On 6 May 2016, Planning Minister Rob Stokes announced that the NSW Government was revisiting its ‘revolutionary’ but unsuccessful bid in 2013 to amend the Environmental Planning and Assessment Act. After months of consultation and amid community opposition, changes were blocked by Labor in the upper house.
Since then, significant changes have been made to the planning system, including the introduction of the Greater Sydney Commission, review of State Environmental Planning Policies (SEPPs), the establishment of NSW planning database ePlanning and administrative reforms to assessment timeframes for state significant projects.
However, Mr Stokes maintains that planning laws are still too complex and inefficient, stating ‘we need a planning system that can help support sustainable development as we accommodate an extra million people in Sydney over the next 10 years’.
The Minister confirmed that contentious elements of the 2013 Bill, including ‘code assessment’, which fast tracked complying development with limited community objection rights, would be discarded. Proposals to replace ‘ecologically sustainable development’ with ‘sustainable development’ and remove SEPPs would also not be revisited.
Amendments that received broad support during the consultation on the Planning Bill 2013 would be retained and contain new measures, which Mr Strokes said will ‘make the planning system simpler, fairer and more accessible’. These amendments include:
- improved community engagement through consolidation of community consultation provisions;
- clearly stating the hierarchy of state, regional and local plans;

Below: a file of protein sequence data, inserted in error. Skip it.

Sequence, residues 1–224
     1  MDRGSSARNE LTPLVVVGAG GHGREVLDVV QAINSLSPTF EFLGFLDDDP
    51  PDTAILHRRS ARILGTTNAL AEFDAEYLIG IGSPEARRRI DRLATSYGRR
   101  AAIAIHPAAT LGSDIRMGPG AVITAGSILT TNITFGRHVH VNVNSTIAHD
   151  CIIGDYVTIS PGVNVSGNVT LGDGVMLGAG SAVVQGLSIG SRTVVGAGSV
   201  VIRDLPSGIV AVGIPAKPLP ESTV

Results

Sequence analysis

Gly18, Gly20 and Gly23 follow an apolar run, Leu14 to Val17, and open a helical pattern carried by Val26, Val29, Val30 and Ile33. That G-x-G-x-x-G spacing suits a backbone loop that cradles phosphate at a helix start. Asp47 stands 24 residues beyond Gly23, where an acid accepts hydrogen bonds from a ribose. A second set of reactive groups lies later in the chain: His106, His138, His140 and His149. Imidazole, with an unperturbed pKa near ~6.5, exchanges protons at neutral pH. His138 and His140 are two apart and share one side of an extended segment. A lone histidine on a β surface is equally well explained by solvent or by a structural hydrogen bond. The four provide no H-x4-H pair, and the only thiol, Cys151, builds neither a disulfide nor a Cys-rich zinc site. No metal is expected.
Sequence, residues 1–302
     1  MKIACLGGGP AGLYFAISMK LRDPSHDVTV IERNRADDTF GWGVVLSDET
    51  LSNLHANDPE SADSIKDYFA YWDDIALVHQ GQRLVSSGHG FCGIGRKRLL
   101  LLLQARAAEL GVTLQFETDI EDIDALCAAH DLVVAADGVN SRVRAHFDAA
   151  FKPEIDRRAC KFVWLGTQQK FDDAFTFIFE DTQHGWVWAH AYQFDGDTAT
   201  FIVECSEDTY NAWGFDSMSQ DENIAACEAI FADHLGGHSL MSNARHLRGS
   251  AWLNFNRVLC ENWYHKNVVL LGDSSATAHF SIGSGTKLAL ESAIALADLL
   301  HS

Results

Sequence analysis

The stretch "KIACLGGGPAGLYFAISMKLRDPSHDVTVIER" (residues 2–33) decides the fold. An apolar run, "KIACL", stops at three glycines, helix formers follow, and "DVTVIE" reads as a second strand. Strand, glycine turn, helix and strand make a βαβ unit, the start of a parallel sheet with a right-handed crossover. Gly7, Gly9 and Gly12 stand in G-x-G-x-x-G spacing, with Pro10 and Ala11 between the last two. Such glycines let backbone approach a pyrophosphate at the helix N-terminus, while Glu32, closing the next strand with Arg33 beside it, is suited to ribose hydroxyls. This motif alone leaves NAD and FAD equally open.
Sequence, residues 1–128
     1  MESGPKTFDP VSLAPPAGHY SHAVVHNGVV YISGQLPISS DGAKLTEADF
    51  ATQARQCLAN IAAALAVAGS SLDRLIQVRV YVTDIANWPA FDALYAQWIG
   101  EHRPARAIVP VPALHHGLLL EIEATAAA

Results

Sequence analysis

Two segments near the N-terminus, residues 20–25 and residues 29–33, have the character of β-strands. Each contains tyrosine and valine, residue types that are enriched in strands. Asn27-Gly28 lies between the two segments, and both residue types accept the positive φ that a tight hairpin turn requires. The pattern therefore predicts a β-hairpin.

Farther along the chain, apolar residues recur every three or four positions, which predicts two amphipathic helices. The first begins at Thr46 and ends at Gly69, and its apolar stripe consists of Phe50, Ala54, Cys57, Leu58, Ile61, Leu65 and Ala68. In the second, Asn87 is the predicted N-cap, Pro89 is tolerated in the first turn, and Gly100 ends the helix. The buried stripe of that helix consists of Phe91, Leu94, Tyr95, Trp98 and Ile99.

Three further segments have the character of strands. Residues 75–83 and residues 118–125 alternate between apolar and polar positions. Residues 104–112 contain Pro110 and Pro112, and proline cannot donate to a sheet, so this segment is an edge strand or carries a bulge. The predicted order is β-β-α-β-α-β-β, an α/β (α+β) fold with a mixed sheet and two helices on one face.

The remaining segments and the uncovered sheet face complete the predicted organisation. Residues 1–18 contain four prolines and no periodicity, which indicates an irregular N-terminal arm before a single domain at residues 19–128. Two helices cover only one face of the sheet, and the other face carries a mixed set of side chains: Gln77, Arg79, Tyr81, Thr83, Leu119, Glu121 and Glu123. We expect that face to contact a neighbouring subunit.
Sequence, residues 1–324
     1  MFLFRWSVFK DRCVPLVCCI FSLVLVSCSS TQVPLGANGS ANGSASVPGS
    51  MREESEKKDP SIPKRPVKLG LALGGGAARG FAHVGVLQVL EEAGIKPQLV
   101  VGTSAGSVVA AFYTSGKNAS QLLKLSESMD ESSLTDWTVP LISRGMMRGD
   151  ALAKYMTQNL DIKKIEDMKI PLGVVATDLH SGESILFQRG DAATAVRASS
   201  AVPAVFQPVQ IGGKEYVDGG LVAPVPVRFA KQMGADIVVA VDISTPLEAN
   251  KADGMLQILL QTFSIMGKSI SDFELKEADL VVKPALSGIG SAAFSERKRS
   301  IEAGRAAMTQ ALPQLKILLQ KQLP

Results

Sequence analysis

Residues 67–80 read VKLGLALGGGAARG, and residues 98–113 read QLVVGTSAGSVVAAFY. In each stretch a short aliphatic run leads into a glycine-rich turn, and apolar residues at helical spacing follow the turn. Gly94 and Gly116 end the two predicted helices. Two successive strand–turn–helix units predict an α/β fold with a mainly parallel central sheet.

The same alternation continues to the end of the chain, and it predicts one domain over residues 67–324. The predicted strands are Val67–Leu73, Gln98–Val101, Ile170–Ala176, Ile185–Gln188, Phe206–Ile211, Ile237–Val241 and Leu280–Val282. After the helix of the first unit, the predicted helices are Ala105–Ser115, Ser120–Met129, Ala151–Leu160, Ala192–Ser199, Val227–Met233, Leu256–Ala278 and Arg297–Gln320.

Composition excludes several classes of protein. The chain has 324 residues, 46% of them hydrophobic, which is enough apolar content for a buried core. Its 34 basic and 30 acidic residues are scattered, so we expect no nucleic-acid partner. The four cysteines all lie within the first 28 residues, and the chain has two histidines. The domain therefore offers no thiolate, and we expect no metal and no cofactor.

- clearly stating the development pathways and consent authorities for development;
- clarifying and streamlining the environmental assessment provisions;
- consolidating review and appeal provisions into a single new part of the Act; and
- improved structure and language so the Act is easier to understand, follow and apply.
Additional areas for change that the Government is considering include:
- pre-development application consultation between neighbours, with the aim of fixing the present system whereby neighbours are only informed after an application is received by a council;
- ensuring the infrastructure contributions system operates efficiently, fairly and transparently;
- ending transitional arrangements for projects approved under Part 3A, including modifications;
- strengthening mechanisms that elevate the role of good design in the planning system, particularly at the local level with the involvement of communities;
- reducing the complexity of complying development; and
- reviewing local government planning controls more frequently to ensure relevance.
This post was prepared with the assistance of Melinda Norquay.